With 96% of the S&P 500’s stocks having reported last quarter’s results, the third-quarter earnings season is coming to a close. And … they weren’t great. Overall, income fell more than 14% on a year-over-year basis during Q3, marking the fourth straight quarter of declining earnings and the worst season since 2009.
There’s one overarching reason for most of the earnings contraction, of course — the energy sector’s impact. With crude oil prices being held down all year long (with prices held to sub-$50 levels since August), oil companies’ earnings have simply been shattered.
Regardless, the market as a whole still has to absorb the net losses taken by the energy sector, and a few themes are prevalent when one takes a closer look at the third quarter’s earnings figures.
Third-Quarter 2015 Earnings
As of late last week, the S&P 500 was on pace to earn $25.44 per share for Q3 (Excel). That’s far less than the $29.60 the index earned in the third quarter of 2014, before weakening oil prices had a chance to take a serious toll. And it’s far less than the $28.55 analysts had collectively expected the S&P to earn last quarter.
That sizeable pullback in YoY income presents investors with something of a conundrum: Do we dismiss the adverse impact the energy sector made on the market’s overall earnings, knowing those results are statistical outliers and (hopefully) aren’t a permanent drag? Or should traders reprice the broader market in fear that the energy sector is poised to take losses indefinitely as a results of unusually cheap oil?
The answer, as usual, is somewhere in the middle.
To fully appreciate what’s wrong with Q3 earnings results (as well as what’s encouraging), one has to first drill down into each sector’s results to find the weak link.
On the table below, it’s not hard to find.
The S&P 500 Energy Sector Index swung from a solid profit a year ago to a sizeable loss on a YoY basis. For the S&P 500, that translated into a difference of nearly $5 worth of profit last quarter.
In other words, had the energy sector simply earned in Q3 of 2015 what it had earned in Q3 of 2014, the S&P would have earned $30.40 last quarter. That figure would have not only been a record, but would have extended a trend that’s been in place for a few years now.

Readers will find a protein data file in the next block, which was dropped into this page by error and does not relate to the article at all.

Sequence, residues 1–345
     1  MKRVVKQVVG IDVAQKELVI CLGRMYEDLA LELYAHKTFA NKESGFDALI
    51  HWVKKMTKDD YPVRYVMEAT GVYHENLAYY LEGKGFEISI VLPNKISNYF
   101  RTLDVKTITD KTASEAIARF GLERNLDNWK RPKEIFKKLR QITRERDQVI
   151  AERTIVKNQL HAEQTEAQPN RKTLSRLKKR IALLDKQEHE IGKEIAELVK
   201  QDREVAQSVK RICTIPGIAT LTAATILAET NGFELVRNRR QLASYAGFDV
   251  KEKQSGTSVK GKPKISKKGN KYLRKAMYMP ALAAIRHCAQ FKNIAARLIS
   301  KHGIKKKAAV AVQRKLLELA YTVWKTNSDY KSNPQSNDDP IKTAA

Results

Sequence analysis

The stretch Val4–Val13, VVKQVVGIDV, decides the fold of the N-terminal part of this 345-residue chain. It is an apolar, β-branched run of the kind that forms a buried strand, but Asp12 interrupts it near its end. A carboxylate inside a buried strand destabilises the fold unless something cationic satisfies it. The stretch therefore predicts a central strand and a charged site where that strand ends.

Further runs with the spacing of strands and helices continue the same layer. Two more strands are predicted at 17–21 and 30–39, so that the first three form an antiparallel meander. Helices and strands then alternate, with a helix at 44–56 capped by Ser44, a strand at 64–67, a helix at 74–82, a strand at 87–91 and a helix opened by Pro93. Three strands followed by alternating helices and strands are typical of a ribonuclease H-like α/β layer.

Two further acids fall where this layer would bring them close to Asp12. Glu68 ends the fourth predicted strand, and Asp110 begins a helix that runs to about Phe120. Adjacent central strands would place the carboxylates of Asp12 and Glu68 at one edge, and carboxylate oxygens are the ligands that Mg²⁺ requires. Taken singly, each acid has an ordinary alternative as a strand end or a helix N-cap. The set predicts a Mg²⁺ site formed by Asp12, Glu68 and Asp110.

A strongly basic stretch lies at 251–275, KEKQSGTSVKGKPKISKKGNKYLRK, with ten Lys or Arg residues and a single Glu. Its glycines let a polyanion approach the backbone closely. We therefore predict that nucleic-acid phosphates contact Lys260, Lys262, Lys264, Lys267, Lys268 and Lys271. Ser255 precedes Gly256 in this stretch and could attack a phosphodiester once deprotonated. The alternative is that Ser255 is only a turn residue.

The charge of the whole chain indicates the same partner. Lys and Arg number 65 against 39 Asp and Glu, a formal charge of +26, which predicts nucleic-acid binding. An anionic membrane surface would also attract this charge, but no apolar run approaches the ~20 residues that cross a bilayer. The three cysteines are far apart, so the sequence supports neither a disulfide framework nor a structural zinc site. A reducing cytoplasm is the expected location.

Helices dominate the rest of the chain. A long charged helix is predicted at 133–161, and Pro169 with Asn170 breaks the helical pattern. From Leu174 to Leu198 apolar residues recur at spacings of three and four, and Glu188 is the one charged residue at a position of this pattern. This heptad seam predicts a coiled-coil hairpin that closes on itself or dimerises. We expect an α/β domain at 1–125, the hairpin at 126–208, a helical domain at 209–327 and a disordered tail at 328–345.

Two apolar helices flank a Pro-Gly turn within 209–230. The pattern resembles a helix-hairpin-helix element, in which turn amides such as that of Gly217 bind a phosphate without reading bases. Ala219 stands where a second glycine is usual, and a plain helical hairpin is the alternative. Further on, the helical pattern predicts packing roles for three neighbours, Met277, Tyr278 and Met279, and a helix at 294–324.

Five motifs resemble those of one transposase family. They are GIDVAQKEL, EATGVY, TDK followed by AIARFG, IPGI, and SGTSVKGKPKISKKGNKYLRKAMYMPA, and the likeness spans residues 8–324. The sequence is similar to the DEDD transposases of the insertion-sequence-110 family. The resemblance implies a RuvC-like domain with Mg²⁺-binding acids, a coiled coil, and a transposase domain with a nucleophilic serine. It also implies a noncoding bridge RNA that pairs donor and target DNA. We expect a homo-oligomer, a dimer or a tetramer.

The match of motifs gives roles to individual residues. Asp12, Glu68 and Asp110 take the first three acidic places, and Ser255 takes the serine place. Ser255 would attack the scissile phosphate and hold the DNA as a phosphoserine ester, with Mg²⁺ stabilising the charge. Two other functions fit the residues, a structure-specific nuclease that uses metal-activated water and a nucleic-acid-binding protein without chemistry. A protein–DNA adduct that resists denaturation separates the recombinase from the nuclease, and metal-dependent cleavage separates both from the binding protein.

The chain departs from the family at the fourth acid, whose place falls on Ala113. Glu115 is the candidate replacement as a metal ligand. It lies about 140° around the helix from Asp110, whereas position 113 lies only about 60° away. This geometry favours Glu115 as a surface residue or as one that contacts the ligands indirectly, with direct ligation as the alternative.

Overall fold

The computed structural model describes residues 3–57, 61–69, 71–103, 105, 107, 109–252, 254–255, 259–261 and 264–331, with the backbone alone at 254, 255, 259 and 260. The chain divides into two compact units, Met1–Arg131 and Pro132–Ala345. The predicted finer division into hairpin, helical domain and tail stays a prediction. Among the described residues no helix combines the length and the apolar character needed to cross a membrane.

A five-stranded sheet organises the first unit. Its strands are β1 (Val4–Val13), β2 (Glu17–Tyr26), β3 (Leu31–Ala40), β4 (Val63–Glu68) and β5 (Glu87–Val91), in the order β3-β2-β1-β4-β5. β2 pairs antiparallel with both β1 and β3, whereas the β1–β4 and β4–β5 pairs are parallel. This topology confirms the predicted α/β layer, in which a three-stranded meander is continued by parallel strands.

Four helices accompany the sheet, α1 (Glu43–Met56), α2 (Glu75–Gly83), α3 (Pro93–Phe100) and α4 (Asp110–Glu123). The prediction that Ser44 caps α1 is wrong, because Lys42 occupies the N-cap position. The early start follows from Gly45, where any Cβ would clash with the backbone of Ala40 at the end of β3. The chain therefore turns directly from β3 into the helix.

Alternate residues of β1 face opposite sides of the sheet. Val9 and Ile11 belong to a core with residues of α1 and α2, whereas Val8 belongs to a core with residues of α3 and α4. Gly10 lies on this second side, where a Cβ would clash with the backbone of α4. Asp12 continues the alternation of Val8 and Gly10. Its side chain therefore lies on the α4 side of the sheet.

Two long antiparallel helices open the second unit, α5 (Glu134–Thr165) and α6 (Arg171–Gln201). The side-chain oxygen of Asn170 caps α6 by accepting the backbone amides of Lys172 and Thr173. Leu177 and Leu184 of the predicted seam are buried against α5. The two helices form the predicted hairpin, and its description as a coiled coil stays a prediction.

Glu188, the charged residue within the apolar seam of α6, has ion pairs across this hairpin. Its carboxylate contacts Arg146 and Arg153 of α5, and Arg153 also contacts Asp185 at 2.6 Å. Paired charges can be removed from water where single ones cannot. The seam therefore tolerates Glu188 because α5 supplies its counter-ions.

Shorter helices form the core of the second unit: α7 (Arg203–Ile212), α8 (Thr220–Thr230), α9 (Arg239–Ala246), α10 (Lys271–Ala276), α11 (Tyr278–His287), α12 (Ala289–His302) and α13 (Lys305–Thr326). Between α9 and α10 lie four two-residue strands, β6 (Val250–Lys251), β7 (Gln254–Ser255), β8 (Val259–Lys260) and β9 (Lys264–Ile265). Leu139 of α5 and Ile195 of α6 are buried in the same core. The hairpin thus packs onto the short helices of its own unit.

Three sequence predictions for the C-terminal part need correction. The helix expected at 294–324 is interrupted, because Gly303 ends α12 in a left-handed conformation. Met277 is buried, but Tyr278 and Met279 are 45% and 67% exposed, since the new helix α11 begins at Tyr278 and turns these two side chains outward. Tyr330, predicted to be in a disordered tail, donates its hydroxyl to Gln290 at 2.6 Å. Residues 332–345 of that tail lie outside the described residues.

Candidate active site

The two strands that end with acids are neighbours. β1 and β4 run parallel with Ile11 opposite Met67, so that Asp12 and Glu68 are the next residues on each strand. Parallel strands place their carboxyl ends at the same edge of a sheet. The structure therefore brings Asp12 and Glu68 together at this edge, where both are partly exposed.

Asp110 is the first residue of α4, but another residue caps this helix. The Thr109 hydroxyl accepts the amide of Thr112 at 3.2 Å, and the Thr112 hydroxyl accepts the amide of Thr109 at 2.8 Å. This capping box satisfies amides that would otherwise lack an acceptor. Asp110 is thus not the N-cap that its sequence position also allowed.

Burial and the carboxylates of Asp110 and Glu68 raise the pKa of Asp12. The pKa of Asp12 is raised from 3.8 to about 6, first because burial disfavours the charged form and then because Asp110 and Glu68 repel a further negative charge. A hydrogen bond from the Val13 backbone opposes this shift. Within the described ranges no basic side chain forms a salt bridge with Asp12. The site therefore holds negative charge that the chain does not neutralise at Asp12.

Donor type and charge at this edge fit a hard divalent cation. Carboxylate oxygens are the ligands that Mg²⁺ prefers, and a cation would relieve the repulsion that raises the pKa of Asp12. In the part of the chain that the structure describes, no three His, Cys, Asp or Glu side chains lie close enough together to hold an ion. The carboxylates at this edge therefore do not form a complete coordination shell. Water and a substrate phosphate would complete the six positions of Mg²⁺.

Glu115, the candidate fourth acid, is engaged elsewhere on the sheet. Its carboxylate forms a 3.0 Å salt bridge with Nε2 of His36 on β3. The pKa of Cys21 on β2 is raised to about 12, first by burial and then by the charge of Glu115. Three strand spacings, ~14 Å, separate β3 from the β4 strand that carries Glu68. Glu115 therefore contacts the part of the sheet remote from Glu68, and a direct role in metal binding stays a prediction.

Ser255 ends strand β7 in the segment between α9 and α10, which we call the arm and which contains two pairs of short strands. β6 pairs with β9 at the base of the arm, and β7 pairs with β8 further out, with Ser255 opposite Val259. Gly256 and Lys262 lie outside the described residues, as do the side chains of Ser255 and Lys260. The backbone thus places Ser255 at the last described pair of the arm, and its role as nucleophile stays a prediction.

In that light, it’s much easier to remain excited about stocks again … if you believe that oil will rebound sooner than later.
S&P 500 Valuation Is Pressured
There’s always an element of danger in playing the “what if” game with the market. In this case, there’s a good chance that, had oil prices not imploded, it could have worked against the earnings growth we saw from the discretionary sector.
Still, we have to stop analyzing and start applying ideas at some point; so in the name of simplicity, we’ll just keep the energy sector in its vacuum to determine the market’s actual and hypothetical value had oil companies been operating in a normal environment.
Simply put, the S&P 500 is valued at a trailing price-to-earnings of 20.06. Had crude oil prices not crushed the energy sector’s income during the third quarter, the S&P 500 would be valued at 19.15.
One could rationally argue that the income pressure that pulled the energy sector’s earnings into the red last quarter actually developed as a headwind in the fourth quarter of 2014, making the last four quarters’ overall earnings uncharacteristically low, thus making that adjusted trailing P/E of 19.1 still too high.
But, even normalizing the energy sector’s earnings since Q4 of 2014, the S&P 500 would still be valued at a trailing P/E of around 18.0, which is still on the upper end of what the market can support for the long haul.
Too Much Optimism
With all of that being said, perhaps what’s most concerning about third quarter’s marketwide earnings results isn’t the recent history and the market’s subsequent valuation. Rather, it’s the current expectations for earnings growth in 2016.
Click to Enlarge As of the latest look, Standard & Poor’s says the S&P 500 is projected to boost its bottom line to $126.76, up 18.8% from what’s apt to be a bottom line of $106.71 this year.
That’s a big leap forward even if crude oil rebounds and the U.S. dollar cools off. If crude and the greenback don’t reverse course, however, achieving those earnings targets would be miraculous.
For perspective, the S&P earned $113.01 in 2014, before low oil prices became a major problem. These pros are saying earnings will be 12% better next year than they were last year. That’s big, and as the adjacent chart shows, it’s also out of the S&P 500’s long-term earnings growth trend.
As of this writing, James Brumley did not hold a position in any of the aforementioned securities.